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Summer rashes: How to ditch the itch

A young woman looking in a mirror puts skin cream on her cheek.

July 30, 2021— As summer gets into full swing, a lot of us are heading outdoors with our families and friends. And that's usually nothing but fun. But for some people, this time of year can lead to unwanted rashes caused by allergies, insects and plants.

So before you go, brush up on these tips from the American Academy of Allergy, Asthma & Immunology and other experts on how to limit your chances of an itchy annoyance this summer.

1. Don't stay in the sun too long. Heat and sun can bring on or worsen some rashes. For instance, being too hot can result in hives or heat rash, which often affects young children. Heat also aggravates eczema. Plus, when the natural oils in our skin mix with sweat, this can lead to acne. Staying cool and dry will help reduce the chances of any outbreaks. It's also a good idea to:

  • Wear loose, breathable clothing.
  • Stay hydrated.
  • Play outside during the coolest parts of the day.
  • Stay in the shade.
  • Wear sunscreen with an SPF of 30 or more.

2. Avoid plants that can cause rashes. Plants like poison ivy, poison oak and poison sumac can irritate the skin. Learn what these plants look like—and teach your kids too. This is especially important if you spend time in wooded areas. Wearing long sleeves and pants can also offer some protection.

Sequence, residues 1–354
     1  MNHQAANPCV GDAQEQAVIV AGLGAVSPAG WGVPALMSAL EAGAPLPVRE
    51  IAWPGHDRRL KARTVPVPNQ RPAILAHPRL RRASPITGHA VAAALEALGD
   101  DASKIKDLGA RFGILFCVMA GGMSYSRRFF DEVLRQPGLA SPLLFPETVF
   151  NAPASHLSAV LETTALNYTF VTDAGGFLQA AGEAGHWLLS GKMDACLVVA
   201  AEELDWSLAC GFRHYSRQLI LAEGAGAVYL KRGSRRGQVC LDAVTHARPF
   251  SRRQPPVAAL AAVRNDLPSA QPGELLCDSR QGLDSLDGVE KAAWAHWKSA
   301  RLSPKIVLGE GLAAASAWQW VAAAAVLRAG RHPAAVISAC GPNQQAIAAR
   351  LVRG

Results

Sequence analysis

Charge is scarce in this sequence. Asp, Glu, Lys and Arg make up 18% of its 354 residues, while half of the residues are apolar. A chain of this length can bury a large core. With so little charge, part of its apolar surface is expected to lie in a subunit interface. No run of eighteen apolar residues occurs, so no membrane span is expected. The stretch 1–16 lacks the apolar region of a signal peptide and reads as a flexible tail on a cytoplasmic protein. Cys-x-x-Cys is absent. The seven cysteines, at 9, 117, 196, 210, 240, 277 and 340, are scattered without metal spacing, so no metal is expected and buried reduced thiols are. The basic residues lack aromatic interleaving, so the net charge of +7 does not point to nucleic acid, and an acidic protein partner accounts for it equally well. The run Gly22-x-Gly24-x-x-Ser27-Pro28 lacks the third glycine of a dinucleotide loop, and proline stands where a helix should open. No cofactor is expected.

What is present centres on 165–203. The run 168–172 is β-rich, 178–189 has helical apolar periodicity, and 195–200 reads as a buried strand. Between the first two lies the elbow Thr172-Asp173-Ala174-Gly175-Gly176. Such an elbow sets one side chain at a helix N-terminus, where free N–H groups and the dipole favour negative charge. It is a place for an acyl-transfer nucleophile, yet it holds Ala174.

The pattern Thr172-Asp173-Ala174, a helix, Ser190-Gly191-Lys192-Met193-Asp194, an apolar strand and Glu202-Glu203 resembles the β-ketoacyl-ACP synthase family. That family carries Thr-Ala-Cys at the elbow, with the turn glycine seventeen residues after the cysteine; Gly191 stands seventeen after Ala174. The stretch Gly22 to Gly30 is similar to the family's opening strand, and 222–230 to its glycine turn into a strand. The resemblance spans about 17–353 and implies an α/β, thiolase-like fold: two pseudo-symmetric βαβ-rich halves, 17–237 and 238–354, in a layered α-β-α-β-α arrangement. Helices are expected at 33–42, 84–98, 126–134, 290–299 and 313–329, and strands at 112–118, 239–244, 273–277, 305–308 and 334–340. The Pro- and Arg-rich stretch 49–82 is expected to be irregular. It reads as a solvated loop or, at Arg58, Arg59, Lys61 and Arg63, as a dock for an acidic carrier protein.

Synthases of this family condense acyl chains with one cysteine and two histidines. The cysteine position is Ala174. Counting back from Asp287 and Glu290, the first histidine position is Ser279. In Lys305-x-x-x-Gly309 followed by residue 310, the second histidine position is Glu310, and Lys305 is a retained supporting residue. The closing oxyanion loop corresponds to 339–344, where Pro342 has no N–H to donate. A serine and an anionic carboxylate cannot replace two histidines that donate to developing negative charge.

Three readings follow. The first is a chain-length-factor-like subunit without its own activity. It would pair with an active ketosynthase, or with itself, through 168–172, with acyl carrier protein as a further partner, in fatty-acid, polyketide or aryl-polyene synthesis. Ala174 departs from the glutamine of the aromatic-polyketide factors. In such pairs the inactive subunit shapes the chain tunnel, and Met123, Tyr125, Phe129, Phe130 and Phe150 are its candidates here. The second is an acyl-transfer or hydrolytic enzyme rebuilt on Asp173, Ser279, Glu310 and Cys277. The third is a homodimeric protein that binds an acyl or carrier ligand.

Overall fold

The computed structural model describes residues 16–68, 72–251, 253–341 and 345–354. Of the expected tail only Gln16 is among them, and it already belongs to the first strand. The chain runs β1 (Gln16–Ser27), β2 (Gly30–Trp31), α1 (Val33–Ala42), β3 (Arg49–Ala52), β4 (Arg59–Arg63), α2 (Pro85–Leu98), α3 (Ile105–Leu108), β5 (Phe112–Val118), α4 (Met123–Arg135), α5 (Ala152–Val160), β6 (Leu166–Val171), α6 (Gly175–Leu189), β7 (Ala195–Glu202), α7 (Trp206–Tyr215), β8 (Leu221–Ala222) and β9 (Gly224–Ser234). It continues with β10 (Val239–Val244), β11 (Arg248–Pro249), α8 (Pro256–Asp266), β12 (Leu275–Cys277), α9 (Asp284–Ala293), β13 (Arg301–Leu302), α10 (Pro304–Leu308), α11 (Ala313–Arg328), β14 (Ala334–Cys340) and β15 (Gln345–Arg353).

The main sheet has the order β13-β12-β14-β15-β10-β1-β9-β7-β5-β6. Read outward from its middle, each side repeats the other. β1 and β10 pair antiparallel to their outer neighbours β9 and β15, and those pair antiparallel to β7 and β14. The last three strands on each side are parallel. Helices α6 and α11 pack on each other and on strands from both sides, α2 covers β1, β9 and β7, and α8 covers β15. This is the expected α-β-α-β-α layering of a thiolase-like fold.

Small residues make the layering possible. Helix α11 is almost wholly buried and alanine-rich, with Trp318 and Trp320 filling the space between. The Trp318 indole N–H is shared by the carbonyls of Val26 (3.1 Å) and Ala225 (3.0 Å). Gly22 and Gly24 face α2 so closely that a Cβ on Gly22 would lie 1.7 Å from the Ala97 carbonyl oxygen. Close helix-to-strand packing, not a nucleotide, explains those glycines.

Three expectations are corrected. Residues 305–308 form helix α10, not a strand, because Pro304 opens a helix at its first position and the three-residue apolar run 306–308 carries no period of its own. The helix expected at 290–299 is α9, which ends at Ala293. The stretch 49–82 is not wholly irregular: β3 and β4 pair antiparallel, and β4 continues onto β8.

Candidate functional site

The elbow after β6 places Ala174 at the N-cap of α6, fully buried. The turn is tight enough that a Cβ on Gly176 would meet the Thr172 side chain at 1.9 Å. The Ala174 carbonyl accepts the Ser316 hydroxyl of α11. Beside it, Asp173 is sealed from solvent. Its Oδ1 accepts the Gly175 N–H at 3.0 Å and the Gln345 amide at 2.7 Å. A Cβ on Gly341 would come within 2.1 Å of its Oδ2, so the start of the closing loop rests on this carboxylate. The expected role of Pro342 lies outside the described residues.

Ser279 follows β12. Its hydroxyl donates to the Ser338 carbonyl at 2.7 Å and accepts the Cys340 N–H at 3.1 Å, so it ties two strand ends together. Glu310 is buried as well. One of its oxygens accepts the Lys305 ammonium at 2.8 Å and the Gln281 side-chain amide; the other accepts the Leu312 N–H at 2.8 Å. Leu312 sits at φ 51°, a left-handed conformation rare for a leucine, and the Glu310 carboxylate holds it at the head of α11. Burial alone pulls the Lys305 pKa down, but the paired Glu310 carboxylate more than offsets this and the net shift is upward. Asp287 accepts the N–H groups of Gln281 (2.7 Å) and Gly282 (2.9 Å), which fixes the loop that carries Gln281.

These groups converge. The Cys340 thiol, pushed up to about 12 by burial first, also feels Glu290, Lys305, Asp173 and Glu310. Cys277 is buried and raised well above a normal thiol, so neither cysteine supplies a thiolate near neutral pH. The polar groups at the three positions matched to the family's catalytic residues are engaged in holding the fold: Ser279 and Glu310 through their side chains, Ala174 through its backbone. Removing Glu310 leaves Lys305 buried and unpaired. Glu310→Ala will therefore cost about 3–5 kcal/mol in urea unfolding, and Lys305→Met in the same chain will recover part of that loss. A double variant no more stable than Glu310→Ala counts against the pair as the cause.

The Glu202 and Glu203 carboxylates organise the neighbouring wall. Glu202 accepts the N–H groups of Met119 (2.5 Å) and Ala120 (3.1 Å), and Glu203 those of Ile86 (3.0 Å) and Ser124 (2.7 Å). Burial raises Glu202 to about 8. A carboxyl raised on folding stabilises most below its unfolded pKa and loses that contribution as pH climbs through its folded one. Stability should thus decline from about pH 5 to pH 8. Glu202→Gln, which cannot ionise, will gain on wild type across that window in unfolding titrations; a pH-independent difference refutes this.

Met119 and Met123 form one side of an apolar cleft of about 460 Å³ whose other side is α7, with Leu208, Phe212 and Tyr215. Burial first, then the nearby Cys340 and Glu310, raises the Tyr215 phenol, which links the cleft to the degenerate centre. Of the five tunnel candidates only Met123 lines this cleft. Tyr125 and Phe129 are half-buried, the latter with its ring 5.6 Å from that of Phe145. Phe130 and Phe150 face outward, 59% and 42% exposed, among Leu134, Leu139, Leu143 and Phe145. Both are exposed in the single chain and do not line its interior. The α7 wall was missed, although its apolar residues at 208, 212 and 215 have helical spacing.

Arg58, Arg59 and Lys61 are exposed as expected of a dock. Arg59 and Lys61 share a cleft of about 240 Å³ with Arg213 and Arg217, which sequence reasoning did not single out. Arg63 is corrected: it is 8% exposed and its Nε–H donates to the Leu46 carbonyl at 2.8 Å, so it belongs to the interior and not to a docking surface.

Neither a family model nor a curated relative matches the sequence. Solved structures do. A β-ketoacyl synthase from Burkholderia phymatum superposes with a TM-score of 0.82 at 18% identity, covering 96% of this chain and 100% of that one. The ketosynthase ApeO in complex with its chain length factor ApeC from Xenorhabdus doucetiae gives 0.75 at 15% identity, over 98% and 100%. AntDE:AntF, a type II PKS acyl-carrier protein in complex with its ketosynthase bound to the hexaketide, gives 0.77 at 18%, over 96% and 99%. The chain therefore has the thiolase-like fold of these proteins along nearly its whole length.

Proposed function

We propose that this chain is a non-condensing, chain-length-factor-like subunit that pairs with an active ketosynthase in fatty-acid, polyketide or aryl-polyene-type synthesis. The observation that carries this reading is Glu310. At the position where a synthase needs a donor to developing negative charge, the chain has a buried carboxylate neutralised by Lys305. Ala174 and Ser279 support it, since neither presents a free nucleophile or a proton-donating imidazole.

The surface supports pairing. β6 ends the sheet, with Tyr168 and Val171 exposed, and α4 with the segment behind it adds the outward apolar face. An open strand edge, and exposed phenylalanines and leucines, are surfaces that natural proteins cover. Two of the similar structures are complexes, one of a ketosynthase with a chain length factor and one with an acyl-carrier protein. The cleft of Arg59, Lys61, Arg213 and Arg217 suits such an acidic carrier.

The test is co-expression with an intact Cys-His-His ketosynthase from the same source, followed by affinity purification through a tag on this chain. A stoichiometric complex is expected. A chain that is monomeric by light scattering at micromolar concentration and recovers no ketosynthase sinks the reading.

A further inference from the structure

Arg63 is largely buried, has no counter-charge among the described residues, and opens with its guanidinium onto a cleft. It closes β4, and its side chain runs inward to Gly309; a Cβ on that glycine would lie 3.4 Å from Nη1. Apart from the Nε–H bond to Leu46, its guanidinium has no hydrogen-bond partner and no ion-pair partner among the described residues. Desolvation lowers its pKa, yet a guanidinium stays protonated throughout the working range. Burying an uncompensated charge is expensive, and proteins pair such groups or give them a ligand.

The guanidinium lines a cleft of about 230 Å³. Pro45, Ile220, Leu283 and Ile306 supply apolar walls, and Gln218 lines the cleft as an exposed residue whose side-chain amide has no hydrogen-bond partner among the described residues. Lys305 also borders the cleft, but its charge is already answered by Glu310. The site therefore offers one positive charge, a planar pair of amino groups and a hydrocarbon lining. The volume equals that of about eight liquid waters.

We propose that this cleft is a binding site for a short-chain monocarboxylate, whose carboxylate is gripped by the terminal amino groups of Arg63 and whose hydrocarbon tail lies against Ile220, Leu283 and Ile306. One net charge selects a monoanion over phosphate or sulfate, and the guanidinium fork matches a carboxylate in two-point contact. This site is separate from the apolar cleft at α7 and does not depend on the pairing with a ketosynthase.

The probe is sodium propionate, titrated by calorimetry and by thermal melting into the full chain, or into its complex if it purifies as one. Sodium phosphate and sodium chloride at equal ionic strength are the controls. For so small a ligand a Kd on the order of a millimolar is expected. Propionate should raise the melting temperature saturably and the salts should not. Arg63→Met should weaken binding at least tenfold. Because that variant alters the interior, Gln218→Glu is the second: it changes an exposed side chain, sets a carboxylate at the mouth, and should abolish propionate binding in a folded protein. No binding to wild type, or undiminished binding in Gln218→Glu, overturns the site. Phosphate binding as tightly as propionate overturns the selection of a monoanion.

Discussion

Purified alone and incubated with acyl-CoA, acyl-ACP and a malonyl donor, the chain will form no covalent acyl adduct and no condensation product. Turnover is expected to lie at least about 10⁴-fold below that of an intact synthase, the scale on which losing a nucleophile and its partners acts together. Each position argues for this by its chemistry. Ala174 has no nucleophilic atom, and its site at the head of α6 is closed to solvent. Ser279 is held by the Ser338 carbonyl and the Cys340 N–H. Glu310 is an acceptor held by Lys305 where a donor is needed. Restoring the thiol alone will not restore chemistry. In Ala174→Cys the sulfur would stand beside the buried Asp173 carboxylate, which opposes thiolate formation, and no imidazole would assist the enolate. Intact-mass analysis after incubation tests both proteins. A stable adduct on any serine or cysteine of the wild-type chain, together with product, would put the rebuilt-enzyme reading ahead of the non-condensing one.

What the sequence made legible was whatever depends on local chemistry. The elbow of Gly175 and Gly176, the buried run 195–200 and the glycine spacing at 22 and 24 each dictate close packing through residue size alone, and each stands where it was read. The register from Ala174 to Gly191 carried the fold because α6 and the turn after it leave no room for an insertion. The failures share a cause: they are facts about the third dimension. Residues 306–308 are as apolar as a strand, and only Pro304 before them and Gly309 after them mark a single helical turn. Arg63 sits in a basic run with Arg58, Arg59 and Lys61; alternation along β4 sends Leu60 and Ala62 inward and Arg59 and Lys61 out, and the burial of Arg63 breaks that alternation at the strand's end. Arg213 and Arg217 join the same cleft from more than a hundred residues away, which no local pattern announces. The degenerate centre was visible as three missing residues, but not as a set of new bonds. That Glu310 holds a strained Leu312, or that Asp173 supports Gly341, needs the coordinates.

3. Keep the bugs away. Insect bites are a common cause of summer rashes too. It's impossible to completely avoid bugs when you're outdoors. But you can take steps to keep them at bay:

  • Cover up with loose, long-sleeved clothing and a hat.
  • Avoid scented products and bright colors that might attract insects.
  • Wear shoes on beaches to avoid sandworms.
  • Use insect repellent. For kids, stick with products that have no more than 30% DEET.
  • Check for ticks when you come back inside, and remove them right away.

4. Have your allergy treatments ready. For many people, high pollen counts or bad air quality can trigger summer allergies, including skin flare-ups. If that's you, be sure to take your medications as directed. And if you're allergic to insect stings, keep any emergency treatments close at hand when you're planning on spending time outdoors.

Are you taking the right steps to protect your skin? Take our skin care quiz to see how much you know.

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